Eric Braeden, who plays Victor Newman on the American soap opera The Young & the Restless, was interviewed on CBC Radio a few weeks ago about his autobiography, I’ll Be Damned (a catchphrase of the Newman character). Born in Germany as Hans Gudegast, Braeden first learned about the genocide we know as the Holocaust while watching the Swedish documentary Mein Kampf 1 in 1961 after immigrating to the United States. “I was so deeply affected by that film,” he remembered, “so deeply angered, so deeply ashamed, so deeply furious, and now being identified with that, and all of Germany that I had known as a normal boy growing up, I just—it just didn’t make any sense to me.” The more he learned about Nazi Germany, the more shocked he was. But like most Germans at that time, he felt terribly torn. It was his homeland, which he loved. Germany had made positive contributions to the world over centuries, “and yet all everyone talks about,” said Braeden, “is that damned twelve year period in German history led by that crazy Austrian private who pulled our name through the mud forever.” He was partly right: Germany will always be associated with the atrocities committed during World War II. But Germany also dealt with that shameful period so admirably that it has become a shining example of how truth and reconciliation can heal a nation—and its international reputation.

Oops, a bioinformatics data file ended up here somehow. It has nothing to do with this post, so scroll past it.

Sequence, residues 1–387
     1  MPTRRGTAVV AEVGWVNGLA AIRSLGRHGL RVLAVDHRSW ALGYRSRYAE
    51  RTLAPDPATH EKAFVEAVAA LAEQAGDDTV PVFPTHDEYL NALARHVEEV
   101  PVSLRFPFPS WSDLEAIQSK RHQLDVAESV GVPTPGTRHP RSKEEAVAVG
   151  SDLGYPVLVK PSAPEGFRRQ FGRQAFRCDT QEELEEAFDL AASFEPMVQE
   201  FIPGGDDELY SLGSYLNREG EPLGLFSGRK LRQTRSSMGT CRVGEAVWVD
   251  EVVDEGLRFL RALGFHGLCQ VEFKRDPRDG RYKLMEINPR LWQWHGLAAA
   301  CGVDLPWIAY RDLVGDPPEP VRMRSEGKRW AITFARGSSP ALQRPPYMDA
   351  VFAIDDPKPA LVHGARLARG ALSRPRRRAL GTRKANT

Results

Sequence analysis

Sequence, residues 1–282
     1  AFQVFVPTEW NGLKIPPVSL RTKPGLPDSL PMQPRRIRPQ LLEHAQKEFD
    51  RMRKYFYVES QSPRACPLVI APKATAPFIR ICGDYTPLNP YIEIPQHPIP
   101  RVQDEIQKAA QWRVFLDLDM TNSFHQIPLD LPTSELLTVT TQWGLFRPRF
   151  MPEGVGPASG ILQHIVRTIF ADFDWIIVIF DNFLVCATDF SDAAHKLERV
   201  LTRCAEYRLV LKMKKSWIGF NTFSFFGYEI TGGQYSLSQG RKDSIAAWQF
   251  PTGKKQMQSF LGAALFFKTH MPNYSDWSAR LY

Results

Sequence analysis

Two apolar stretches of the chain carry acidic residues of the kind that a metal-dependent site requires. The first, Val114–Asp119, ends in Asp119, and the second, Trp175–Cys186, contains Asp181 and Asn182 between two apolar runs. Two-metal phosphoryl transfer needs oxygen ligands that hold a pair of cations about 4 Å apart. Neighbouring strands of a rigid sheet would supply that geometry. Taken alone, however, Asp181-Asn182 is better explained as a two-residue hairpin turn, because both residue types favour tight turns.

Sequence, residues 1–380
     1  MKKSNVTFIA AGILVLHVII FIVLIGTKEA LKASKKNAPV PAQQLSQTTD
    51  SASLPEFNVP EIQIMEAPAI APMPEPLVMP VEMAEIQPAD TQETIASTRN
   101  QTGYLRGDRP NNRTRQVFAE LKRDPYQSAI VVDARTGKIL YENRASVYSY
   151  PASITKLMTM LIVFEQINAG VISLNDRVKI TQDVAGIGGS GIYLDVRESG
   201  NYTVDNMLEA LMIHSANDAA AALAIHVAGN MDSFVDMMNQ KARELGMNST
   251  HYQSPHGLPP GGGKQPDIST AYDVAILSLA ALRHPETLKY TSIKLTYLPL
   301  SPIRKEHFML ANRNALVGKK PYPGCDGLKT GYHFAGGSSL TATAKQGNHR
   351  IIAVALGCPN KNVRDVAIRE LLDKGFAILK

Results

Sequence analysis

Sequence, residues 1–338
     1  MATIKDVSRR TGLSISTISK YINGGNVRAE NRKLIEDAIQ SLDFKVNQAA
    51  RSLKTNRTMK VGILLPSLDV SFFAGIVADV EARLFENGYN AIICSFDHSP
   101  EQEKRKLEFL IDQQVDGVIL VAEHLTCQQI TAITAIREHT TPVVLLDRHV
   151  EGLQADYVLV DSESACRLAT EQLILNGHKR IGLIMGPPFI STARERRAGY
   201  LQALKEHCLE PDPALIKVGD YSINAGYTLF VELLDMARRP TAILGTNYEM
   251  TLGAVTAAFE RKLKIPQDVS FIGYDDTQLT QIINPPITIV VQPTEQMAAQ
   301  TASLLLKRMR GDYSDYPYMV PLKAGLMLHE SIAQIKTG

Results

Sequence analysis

Truth And Reconciliation Didn’t Happen Overnight
After the war ended in 1945, facts about the systematic extermination of more than six million people began to emerge. The vast majority were Jews (approximately two-thirds of the Jewish population of Europe), but the murders included an estimated million from other groups the Nazis found fault with: homosexuals, blacks, Jehovah’s Witnesses, Roman Catholic priests and nuns, the Roma, the mentally and physically disabled, political opponents, and even German citizens who had helped anyone from these groups.